Once a month here on the Molten Sulfur Blog, I run content taken from our book Archive: Historical People, Places, and Events for RPGs. This post is one of eighty entries in Archive, each more gameable than the last!
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Judah P. Benjamin
The Confederacy’s Vizier
Some historians have called Judah P. Benjamin “the brains of the Confederacy”, some blame him for the South’s defeat, and most non-historians don’t even know he existed. He was born in the West Indies to Jewish parents, and raised in Charleston, South Carolina. He was a brilliant child. At 14, he attended Yale Law School and afterwards began practicing law in New Orleans. He was a founder of the Illinois Central Railroad, a state legislator, and a planter who owned 140 slaves until he sold his plantation in 1850. In 1852, he became the first professing Jew to be elected to the U.S. Senate and is considered to have been the most prominent Jewish American of the 19th century.
After secession in 1861, Confederate President Jefferson Davis appointed Benjamin Attorney-General. He was the first Jewish Cabinet-level secretary in an American government and the only Confederate Cabinet member who didn’t own slaves at the time. He later served as the Confederacy’s Secretary of War. Benjamin never spoke publicly or wrote about his role and is said to have burned his papers before death, keeping his personal life and views somewhat hidden from modern historians. In her autobiography, Jefferson Davis’s wife notes that Benjamin spent twelve hours each day at her husband’s side, tirelessly shaping important Confederate strategies and tactics.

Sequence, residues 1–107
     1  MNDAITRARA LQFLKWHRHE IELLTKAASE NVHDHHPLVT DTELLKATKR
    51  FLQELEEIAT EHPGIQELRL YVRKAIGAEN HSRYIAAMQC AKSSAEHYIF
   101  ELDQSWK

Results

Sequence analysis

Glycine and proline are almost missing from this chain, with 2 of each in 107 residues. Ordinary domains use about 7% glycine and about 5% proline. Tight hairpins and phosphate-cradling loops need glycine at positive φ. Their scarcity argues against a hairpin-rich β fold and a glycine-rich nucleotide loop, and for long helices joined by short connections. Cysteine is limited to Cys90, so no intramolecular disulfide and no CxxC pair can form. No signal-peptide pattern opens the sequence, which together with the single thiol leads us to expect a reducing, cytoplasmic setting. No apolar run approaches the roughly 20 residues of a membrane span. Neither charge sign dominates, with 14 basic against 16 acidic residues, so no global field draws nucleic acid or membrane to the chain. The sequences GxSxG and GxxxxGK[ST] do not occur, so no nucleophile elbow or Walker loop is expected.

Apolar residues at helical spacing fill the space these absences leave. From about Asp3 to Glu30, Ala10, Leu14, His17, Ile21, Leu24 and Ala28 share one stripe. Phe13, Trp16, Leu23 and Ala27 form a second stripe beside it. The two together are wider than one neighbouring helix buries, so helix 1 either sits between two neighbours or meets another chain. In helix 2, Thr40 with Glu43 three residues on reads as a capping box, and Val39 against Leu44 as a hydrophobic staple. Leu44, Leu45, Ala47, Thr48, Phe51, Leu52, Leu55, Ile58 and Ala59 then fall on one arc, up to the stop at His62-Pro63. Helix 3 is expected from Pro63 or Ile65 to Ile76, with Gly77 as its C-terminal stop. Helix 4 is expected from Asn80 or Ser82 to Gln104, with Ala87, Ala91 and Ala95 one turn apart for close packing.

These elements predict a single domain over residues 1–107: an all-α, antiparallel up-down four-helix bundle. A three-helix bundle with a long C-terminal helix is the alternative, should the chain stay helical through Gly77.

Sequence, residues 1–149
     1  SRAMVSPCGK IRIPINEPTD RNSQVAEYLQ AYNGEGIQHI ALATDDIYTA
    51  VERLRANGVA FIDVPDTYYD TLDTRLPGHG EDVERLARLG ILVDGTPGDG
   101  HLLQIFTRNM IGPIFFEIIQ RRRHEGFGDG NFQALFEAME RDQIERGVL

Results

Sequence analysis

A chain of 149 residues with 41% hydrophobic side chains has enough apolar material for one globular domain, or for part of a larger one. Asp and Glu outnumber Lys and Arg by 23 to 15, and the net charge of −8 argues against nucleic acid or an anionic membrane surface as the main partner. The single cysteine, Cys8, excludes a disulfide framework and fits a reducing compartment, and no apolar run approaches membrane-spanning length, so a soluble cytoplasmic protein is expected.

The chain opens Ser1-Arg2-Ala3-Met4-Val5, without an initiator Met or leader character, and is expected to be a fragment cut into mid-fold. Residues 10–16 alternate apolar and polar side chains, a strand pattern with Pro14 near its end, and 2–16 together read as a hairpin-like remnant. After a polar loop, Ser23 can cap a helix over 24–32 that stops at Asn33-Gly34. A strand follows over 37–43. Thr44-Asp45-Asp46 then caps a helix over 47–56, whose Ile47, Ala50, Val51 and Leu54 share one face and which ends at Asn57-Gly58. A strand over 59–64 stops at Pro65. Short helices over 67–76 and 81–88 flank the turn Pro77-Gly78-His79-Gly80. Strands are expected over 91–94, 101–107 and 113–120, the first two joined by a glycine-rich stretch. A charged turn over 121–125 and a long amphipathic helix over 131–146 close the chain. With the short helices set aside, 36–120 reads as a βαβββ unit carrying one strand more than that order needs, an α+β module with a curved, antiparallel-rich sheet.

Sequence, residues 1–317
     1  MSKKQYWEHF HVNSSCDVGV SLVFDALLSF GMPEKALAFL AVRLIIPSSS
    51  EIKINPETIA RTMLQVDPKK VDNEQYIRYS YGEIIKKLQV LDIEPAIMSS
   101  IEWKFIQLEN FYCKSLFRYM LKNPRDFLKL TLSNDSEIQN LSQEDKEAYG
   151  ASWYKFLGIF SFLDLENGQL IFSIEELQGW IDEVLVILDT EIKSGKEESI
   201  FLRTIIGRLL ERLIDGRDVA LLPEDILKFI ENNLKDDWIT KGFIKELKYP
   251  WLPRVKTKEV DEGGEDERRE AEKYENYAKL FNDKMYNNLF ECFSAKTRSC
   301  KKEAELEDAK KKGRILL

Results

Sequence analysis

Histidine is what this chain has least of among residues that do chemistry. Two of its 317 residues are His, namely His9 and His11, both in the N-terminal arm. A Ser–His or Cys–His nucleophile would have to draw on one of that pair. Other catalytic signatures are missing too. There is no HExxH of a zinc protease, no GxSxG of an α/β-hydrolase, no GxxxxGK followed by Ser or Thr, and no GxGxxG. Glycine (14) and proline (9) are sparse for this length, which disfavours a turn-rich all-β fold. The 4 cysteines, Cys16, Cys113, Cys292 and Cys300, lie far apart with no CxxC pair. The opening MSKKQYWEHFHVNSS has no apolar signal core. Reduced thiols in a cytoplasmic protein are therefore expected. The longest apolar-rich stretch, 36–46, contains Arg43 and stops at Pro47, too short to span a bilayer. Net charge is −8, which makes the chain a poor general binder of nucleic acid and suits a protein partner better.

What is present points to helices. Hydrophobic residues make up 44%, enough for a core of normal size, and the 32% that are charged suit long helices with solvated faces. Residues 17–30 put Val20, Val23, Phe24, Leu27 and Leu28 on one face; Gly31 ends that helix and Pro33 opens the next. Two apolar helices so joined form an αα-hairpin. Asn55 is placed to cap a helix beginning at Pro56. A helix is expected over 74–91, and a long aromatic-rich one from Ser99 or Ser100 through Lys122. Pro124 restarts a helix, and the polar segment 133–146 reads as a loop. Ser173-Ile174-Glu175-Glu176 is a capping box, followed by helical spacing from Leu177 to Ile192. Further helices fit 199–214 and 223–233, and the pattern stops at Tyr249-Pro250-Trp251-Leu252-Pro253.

When the war went badly on the battlefield, the military turned on Benjamin as a scapegoat. Frustrated generals who couldn’t attack the president went after Benjamin instead. His religion was a frequent target. Not being a military man, Benjamin’s orders were resented in the field as interference and amateurism. Generals P.G.T. Beauregard and Stonewall Jackson were Benjamin’s most outspoken opponents. The anger against the Secretary of War came to a head after the fall of Roanoke Island in 1862 when Benjamin decided against sending more men and arms to the fight. He accepted the subsequent public condemnation and resigned, though as a reward for loyalty, Jefferson Davis named him Secretary of State.
Even as Secretary of State, Benjamin managed to light fires against himself. Late in the war, he enraged Southern slave-owners by proposing that slaves be recruited into the army and emancipated after their term of service. The North also did not favor Benjamin, as when Lincoln was assassinated, Davis and Benjamin were suspected of having plotted the attack. When the South was defeated, he escaped to England and built a second career as a successful international lawyer. He was called to the bar after only five months’ residence and achieved great financial success. He became Queen’s Counsel in 1872 and wrote a book that became the principle textbook on its subject for many years in both England and the United States. Late in life, he retired and moved to Paris to be with his family, where he died in 1884.
Despite heated opinions about Benjamin, he was elusive in both life and death. Was he the brains of the Confederacy? The cause of the South’s downfall? Somewhere in between? It’s hard to say. The “dark prince of the Confederacy” resists clear classification.
Judah P. Benjamin in Play
In a campaign, Judah P. Benjamin could be the brains behind a government operation. An NPC based on him might control a puppet king or queen. Some NPCs hate him for his origins, some respect him for his abilities, and some mistrust him for his arguably undeserved influence. Once things turn sour, he might vanish into thin air. An NPC inspired by Benjamin might be a quest giver to your PCs, trying to maintain order in the country by hiring out the party like a mercenary group. Maybe there’s an uprising and he vanishes before the PCs are rewarded, so they have to hunt him down. A quarry as smart as Benjamin would likely lead your PCs on a wild goose chase around the world. When he lets them confront him, it will be on his terms.
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